Historical Details

Fosher Family History

Courtesy of Our Heritage: Niobrarans and Neighbors, 11/20/2020


by Vernal Fosher

Mathias Armstead Fosher was. born May 2, 1871, near Liberty, Ind. near the old home of Daniel Fosher who was a doctor for the Colonial Army during the Revolutionary War. Both homes are still there and are being lived in today.  Matt came to McCook, Nebr. with his parents when he was 13 years old. Here they farmed and raised livestock.

The Whitmer family also moved from Iowa to the town of McCook. The Whitmer and Fosher children soon became friends and attended the social functions of literary socials and church parties held in the local communities.

Molly Whitmer, born Aug. 1, 1870, and young Matt soon became close friends and were married in 1893. Molly taught school and Matt cared for the farm. The years were hard as the drought was very severe in this area. During the mid-summer of 1896, it was very evident that there would be no crops, and Matt and a friend decided to go to Wyoming to look for work and a new home. Matt had two uncles at Lander, Wyo. and they eventually went there and secured work. Matt worked for his uncle, Abe Fosher, who was very busy in the sheep business. Come fall, Matt sent for his wife, Molly, and their young son Allan, to come by train to Rawlins, Wyo. and then by stage to Lander. They arrived safe and sound eager to begin anew in this new area. Before spring arrived, they had rented a farm out on Squaw Creek west of Lander.

Several years were spent here in the farm­ing and irrigating business. Their son Harold was born here in a small log house on the bank of the creek. Soon the boys were ready for school so this called for a move. They went to Lander and purchased a home on the edge of the city limits. Matt went into the dray business, which trade he followed for several years.

Thomas, their third son was born in 1903. He was a frail child and a childhood illness retarded his health until 1920, when he contracted the flu and never fully re­ covered and passed away in June of that year. He was laid to rest in the Manville cemetery.  Allan served a time in the U.S. Navy and some time in England, but Harold was called to report at about the time the Armistice was signed, so he never saw ser­vice. The boys were at home much of the time until they were married.

Except for three years spent in western Nebraska, the Fosher family lived in Wyoming. In 1914, Matt filed on a homestead six miles south of Manville, Wyo. Here they made their home and did farming, ranching and custom work. Many happy times were enjoyed. Hunting, fishing, picnicking, skating, hik­ing, all were a source of enjoyment. The neighbors would get together and go sage chicken hunting, cook dinner over an open fire and hunt some more, then go home to do the chores and a good night’s rest after a full day of real fun.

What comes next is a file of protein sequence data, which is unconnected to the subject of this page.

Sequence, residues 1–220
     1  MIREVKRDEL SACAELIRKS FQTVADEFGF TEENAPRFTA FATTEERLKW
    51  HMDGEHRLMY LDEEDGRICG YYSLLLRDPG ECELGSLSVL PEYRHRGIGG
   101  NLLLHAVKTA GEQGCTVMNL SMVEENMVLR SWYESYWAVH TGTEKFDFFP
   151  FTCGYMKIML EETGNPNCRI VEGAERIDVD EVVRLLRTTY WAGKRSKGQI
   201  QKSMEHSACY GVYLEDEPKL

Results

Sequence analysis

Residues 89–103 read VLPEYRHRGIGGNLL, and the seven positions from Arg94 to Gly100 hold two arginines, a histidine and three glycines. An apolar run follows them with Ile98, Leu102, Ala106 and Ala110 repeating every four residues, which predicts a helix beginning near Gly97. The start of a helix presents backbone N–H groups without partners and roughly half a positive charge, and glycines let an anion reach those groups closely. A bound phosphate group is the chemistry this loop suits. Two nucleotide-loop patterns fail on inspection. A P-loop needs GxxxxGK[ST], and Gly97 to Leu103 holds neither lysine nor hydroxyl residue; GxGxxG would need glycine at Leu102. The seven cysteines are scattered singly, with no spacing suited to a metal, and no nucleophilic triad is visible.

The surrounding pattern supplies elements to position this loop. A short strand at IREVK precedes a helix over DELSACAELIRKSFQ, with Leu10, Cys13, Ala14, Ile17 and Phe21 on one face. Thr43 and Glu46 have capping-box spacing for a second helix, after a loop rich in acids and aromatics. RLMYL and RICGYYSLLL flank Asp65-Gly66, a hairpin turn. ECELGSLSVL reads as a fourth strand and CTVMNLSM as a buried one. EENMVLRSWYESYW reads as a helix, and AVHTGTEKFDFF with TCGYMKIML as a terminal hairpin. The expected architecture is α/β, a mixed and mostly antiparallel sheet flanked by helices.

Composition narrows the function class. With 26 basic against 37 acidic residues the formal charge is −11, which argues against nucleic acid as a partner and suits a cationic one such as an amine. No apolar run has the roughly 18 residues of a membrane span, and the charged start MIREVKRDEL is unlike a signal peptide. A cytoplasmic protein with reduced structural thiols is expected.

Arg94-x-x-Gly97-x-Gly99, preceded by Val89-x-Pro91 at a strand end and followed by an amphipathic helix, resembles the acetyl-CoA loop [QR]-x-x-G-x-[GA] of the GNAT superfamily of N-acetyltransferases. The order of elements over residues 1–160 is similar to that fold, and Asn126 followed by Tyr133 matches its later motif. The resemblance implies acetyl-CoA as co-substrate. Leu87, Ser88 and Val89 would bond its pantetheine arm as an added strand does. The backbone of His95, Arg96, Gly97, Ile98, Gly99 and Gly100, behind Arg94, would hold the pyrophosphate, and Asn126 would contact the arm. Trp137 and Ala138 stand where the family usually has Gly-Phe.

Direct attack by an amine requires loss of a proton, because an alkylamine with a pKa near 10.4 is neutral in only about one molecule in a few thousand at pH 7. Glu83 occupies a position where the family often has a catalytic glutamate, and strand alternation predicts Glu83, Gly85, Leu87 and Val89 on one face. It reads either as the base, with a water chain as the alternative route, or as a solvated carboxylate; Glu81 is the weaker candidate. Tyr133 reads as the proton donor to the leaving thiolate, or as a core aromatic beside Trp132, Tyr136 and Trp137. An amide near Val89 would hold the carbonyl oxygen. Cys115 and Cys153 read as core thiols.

Chokecherrying was also a nice repast. Buckets of nice ripe berries, picnic lunch and then a repast of delicious jelly and fruit were a nice reward for a day of work and fun. Fruit in our area was scarce and we were glad to get these delicacies.

The year of 1928 found Dad and Mom Fosher alone on the ranch. The boys had both married and gone to themselves. As the years wore on, the work became too much for them and they had to make a change. In 1935 they sold the ranch and moved to Lusk, Wyo.  There they purchased a home on south Oak Street. Dad followed the carpenter work on a limited scale as his health allowed. Mom was busy with her flowers and her handwork and household chores. Their garden was a source of pleasure to both of them.

Mom had a lingering illness of several years and passed away in August, 1951 in Lusk.  She was laid to rest in the Manville Cemetery beside her son. She was 81 years old.

Dad continued to live alone in the home and care for himself to a great degree. He enjoyed company and his dog.

His only living relative of his family, a sister, Mrs. Beckwith, of Lander, Wyo. passed away in August, 1958 at the age of 87 years, 6 months.

Dad was ill for six weeks in the Lusk hospital. He seemed to have no desire to live longer when his sister was gone and no longer enjoyed life by himself. He was laid to rest in the Manville Cemetery beside his wife and son.

They all loved the wide-open spaces and the wind so brisk and free.  The prairie was home to them. Wyoming their home, the land they truly loved.

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Related/Linked Records

Record Type Name
Obituary Fosher, Mathias (05/11/1896 - 11/11/1966) View Record
Obituary Fosher, Mollie (08/01/1870 - 07/29/1951) View Record
Historical From a Pioneer Album - Matt and Mollie Fosher View Record